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  1. Gaslighting, First- and Second-Order.Paul-Mikhail Catapang Podosky - 2021 - Hypatia 36 (1):207-227.
    In what sense do people doubt their understanding of reality when subject to gaslighting? I suggest that an answer to this question depends on the linguistic order at which a gaslighting exchange takes place. This marks a distinction between first-order and second-order gaslighting. The former occurs when there is disagreement over whether a shared concept applies to some aspect of the world, and where the use of words by a speaker is apt to cause hearers to doubt their interpretive abilities (...)
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  • Objects or Others? Epistemic Agency and the Primary Harm of Testimonial Injustice.Aidan McGlynn - 2020 - Ethical Theory and Moral Practice 23 (5):831-845.
    This paper re-examines the debate between those who, with Miranda Fricker, diagnose the primary, non-contingent harm of testimonial injustice as a kind of epistemic objectification and those who contend it is better thought of as a kind of epistemic othering. Defenders of the othering account of the primary harm have often argued for it by presenting cases of testimonial injustice in which the testifier’s epistemic agency is affirmed rather than denied, even while their credibility is unjustly impugned. In previous work, (...)
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  • Wrongful Ways to Raise the Epistemic Standard.Jumbly Grindrod - forthcoming - Episteme:1-15.
    This paper is concerned with identifying and accounting for cases where the epistemic standard is raised inappropriately. The first section is concerned with identifying a notion of a variable epistemic standard that is neutral regarding a range of theoretical issues. The second section argues that the possibility the epistemic standard could be raised in some epistemic inappropriate way warrants further investigation. The third section outlines and provides a partial explanation of such a case: one in which a climate change denier (...)
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  • Evidentialism and Moral Encroachment.Georgi Gardiner - 2018 - In McCain Kevin (ed.), Believing in Accordance with the Evidence. Springer Verlag.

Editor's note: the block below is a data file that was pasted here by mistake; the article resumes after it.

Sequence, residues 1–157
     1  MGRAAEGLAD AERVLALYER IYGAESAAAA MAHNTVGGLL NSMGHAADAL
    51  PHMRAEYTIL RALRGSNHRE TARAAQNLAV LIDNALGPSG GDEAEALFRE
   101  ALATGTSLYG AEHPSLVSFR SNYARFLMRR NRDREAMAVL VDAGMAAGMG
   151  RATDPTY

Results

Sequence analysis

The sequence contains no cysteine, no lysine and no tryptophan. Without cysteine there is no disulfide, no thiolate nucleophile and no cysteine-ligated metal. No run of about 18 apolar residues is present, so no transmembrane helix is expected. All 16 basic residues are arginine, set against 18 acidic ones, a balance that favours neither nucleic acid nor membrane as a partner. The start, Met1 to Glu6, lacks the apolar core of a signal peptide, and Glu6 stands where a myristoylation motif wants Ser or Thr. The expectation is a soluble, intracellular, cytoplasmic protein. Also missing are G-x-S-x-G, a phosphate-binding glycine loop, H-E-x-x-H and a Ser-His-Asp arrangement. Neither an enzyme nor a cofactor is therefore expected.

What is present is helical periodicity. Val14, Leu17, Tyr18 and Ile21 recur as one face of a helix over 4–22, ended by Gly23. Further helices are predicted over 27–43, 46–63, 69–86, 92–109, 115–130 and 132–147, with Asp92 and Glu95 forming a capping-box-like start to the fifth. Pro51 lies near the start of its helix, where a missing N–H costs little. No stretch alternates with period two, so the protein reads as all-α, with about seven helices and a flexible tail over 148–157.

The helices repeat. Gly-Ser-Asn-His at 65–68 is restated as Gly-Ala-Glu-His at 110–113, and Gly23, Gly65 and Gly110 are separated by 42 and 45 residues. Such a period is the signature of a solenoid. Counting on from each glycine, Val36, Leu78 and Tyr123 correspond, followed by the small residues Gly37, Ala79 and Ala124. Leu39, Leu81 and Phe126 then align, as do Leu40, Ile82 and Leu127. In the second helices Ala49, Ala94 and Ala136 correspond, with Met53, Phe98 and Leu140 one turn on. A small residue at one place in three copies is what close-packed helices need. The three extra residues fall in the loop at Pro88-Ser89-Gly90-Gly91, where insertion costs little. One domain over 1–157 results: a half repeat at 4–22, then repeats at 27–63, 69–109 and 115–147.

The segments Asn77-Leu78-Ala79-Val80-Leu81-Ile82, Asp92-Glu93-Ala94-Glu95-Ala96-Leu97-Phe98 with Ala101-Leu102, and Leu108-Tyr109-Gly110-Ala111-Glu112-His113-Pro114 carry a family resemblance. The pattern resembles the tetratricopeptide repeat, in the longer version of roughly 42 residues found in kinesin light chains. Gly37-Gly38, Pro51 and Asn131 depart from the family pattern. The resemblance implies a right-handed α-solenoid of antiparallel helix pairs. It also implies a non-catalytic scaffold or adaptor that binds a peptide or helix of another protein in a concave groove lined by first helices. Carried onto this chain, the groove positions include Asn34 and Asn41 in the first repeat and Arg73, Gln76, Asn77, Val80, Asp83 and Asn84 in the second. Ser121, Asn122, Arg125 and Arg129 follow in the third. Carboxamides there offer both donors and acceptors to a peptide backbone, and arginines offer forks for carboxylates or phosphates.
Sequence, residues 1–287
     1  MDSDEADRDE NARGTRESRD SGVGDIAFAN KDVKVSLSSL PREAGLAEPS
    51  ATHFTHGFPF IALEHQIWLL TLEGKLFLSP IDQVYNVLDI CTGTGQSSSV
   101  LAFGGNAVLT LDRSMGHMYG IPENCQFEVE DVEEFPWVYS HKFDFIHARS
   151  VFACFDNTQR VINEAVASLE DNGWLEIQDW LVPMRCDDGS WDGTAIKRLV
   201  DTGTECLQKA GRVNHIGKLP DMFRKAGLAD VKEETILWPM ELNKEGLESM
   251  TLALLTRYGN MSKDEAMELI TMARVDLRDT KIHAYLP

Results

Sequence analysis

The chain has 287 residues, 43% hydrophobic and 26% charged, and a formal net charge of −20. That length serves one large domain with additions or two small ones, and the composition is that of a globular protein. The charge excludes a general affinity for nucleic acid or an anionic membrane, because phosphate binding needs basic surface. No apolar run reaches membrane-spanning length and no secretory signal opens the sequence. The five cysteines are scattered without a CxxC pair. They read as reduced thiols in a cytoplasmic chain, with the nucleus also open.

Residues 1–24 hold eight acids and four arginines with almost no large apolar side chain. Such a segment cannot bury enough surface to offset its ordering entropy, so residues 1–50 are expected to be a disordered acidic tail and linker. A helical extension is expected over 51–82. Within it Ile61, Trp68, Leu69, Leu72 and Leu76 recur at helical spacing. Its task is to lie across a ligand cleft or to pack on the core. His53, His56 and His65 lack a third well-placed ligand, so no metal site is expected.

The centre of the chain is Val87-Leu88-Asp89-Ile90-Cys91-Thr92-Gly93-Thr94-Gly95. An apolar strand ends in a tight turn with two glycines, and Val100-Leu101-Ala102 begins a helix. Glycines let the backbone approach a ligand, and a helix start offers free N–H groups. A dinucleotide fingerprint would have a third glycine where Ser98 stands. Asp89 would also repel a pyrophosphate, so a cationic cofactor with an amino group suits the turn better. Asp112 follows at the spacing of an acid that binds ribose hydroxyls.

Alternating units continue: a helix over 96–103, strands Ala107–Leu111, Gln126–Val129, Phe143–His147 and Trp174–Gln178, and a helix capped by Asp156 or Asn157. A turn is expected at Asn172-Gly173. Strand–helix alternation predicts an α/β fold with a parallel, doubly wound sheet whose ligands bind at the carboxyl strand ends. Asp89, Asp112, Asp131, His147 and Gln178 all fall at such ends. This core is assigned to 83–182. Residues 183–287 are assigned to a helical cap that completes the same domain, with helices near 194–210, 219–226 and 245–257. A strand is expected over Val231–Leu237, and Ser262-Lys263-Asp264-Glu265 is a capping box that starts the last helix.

Moral encroachment holds that the epistemic justification of a belief can be affected by moral factors. If the belief might wrong a person or group more evidence is required to justify the belief. Moral encroachment thereby opposes evidentialism, and kindred views, which holds that epistemic justification is determined solely by factors pertaining to evidence and truth. In this essay I explain how beliefs such as ‘that woman is probably an administrative assistant’—based on the evidence that most women employees at the (...)
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  • Epistemic Injustice and Deepened Disagreement.T. J. Lagewaard - forthcoming - Philosophical Studies:1-22.
    Sometimes ordinary disagreements become deep as a result of epistemic injustice. The paper explores a hitherto unnoticed connection between two phenomena that have received ample attention in recent social epistemology: deep disagreement and epistemic injustice. When epistemic injustice comes into play in a regular disagreement, this can lead to higher-order disagreement about what counts as evidence concerning the original disagreement, which deepens the disagreement. After considering a common definition of deep disagreement, it is proposed that the depth of disagreements is (...)
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